An Earlier European Union and a European foundation myth
|I image of Charlemagne’s coronation froms British Library MS Royal 16 G VI, folio 141v, http://www.bl.uk/catalogues/illuminatedmanuscripts/ILLUMINBig.ASP?size=big&IllID=43799|
On Christmas Day 800, Charlemagne, King of the Franks, was crowned Holy Roman Emperor. He ruled over a large part of Western Europe and he still stands as an icon for European unity. It is unlikely that he expected his empire to last as the inheritance practice for the Franks was to divide land among male heirs, nor did he impose uniformity of customs over all his dominions, which extended from what is now the Low Countries to Northern Italy; in short the Carolingian Empire offers an early model for unity without uniformity. The Holy Roman Empire was , however, an expression of an understanding of a Western Europe that was united, with some elements of shared culture across its polities. A recent article in History Today (April 2016) by Professor Peter Wilson of All Souls College, Oxford, examined the Holy Roman Empire as the ‘First European Union’.
It is not only in his authority over much of Europe that Charlemagne offers a model of European unity; the myth of Charlemagne became as important in the medieval imagination as his actual historical power. By the twelfth century the myths and legends which surrounded the emperor had become a kind of foundation myth of Europe, extolling the idea of a Western Christendom united against threats from the East. In these fictional narratives countries which had never been part of the Frankish Empire, including sometimes England, and even Scotland, were often counted among the areas over which he had control.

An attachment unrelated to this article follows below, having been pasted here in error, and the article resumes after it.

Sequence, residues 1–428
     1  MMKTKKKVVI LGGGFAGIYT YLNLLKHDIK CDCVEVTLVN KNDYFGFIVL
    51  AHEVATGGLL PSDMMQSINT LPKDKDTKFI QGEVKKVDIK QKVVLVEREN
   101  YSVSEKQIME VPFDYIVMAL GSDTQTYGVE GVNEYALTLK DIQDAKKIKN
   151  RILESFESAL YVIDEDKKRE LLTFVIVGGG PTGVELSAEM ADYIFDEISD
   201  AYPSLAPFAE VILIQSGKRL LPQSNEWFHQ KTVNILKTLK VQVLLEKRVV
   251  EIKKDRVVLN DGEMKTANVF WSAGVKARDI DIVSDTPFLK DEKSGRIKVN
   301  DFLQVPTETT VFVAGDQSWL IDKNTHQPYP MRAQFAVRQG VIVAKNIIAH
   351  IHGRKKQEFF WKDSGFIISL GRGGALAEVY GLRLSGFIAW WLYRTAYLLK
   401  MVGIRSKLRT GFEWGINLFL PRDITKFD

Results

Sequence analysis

As a previous contibutor to this blog has noted, the fact that stories of European unity were largely ahistorical and fictional did not make them less powerful. Today Charlemagne continues to command a pan-European position, as witnessed by the Tour Charlemagne in Brussels and the Karlespreis, given annually by the city of Aachen to honour contributions to European unity, awarded in 2016 to Pope Francis.
The Leverhulme-funded ‘Charlemagne A European Icon’ project looks at medieval developments of the myth by examining the appropriation of the same narrative material and its expression through different European languages: French, Italian, English, Spanish, Latin, German, Dutch, and Celtic and Scandinavian languages. This spread of the Charlemagne myth reveals the long-standing nature of the desire for some level of harmony and unity across Europe. As in the twentieth century, with the birth of the European Community, so in the twelfth, harmony was seen as preferable to war within Europe. Each literary culture stresses the aspects of Charlemagne’s myth which was most relevant for the particular context of that nation, at a time, indeed, when a sense of nationhood was just developing. Even with this awakening sense of national identity, the ideal of unity transcended the particular.
Dr Marianne Ailes,
Senior Lecturer in French,
University of Bristol